4 Types of Spanish Surnames: Which One Is Yours?
Historically, Spanish surnames can typically be traced back to one of four types:
1. Patronymic & Matronymic.
These were not, at first, surnames that were passed down. In one generation, an individual might be Martin Perez (Martin, son of Pedro). His son would be Juan Martinez (Juan, son of Martin). Eventually, these patronymic names became fixed surnames that passed down in the family through the generations.
Some other names of this sort include:
- Dominguez—son of Domingo
- Hernandez—son of Hernando
- Lopez—son of Lope
- Ramirez—son of Ramiro
- Ruiz—son of Ruy or Roy
- Suarez—son of Suero
- Velazquez—son of Velasco
- Velez—son of Vela
This type of last name tells you something about where the first person to take the name came from, or where their homestead was.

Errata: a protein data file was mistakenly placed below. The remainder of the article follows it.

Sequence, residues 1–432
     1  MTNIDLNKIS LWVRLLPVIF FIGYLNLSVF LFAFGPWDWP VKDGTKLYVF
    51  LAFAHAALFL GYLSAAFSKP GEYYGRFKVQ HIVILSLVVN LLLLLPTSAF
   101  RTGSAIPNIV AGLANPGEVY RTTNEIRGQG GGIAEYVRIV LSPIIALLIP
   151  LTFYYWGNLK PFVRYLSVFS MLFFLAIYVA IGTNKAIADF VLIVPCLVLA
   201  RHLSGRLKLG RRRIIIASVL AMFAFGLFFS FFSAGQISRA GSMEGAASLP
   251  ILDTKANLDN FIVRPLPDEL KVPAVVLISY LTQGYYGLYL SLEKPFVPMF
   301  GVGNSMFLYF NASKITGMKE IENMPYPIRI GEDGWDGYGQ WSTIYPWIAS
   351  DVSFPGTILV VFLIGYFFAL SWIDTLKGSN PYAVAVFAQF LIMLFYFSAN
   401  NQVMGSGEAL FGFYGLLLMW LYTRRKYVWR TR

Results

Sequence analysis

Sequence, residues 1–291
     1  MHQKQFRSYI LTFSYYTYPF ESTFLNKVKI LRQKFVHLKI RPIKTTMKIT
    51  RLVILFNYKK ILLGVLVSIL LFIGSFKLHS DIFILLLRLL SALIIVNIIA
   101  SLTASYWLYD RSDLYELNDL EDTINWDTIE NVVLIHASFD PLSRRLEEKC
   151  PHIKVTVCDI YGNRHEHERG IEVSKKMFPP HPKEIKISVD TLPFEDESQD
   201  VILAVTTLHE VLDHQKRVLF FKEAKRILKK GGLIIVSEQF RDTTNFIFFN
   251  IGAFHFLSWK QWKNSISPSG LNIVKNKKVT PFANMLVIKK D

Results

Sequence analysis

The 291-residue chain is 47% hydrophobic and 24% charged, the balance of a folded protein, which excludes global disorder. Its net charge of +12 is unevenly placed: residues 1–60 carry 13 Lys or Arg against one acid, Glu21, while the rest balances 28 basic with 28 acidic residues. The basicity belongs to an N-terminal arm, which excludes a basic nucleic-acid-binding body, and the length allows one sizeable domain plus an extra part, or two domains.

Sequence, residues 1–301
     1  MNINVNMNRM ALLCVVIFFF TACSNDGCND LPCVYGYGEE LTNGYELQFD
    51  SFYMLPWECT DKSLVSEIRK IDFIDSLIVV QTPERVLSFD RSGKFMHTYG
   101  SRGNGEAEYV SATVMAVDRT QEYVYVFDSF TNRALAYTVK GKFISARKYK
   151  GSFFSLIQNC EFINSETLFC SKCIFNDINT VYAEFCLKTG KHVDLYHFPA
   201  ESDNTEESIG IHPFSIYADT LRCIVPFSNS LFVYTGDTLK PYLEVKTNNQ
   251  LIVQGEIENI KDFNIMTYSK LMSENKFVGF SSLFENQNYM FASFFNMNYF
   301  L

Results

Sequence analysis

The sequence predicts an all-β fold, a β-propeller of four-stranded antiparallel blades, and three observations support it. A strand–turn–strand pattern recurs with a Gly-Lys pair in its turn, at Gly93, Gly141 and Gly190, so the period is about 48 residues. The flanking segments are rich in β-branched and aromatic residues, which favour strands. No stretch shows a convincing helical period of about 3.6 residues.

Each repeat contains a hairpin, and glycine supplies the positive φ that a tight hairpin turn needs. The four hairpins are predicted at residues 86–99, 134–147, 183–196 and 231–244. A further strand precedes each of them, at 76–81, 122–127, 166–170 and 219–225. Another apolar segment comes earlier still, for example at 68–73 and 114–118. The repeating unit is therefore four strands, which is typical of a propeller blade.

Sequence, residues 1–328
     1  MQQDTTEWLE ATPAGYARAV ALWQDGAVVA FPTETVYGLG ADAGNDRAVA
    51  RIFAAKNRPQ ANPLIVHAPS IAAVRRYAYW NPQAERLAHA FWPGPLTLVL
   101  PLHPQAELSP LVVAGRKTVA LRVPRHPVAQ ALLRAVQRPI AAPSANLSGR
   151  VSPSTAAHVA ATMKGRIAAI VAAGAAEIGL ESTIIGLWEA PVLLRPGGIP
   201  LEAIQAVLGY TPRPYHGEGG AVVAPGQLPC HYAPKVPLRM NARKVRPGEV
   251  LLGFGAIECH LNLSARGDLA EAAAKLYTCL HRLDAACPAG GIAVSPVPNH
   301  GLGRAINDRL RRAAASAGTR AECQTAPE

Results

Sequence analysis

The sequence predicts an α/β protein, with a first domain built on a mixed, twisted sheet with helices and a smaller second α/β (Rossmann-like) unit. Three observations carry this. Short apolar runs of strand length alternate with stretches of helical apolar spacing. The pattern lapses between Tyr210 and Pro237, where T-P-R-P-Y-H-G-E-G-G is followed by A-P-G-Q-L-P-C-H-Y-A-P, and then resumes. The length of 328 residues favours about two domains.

Someone named Aguilar may have originally lived near an eagle’s nest; the name refers to a “haunt for eagles.” Other common geographic surnames of this type include Medina and Oyarzun (both place names), Navarro (“from Navarre”), Serrano (meaning “highlander”), and still other geographic surnames refer to features of the landscape where a family lived, such as Vega (“meadow”), Mendoza (“cold mountain”), Morales (“blackberry groves”), Torres (“towers”), and Iglesias (“churches”). Some include the suffix “de” to indicate “of” or “from” a place, such as Del Olmo (“from the elm tree”) and Davila (from “d’Avila,” meaning “from the town of Avila”).
Sometimes a surname that denoted a person’s job or trade was tacked on to a person’s given name. Felipe Vicario, for instance, was Felipe the vicar. Some other common occupational surnames:
- Caballero—horseman, knight
- Herrera/Herrero—ironworker, smith
- Marin—from the Latin “Marinus,” meaning sailor
- Torrero—bullkeeper, fighter
This type of surname was based on a quality or physical feature of the person.
- Garza (heron)—long legged
- Moreno—brown haired, tan
- Orejon—big ear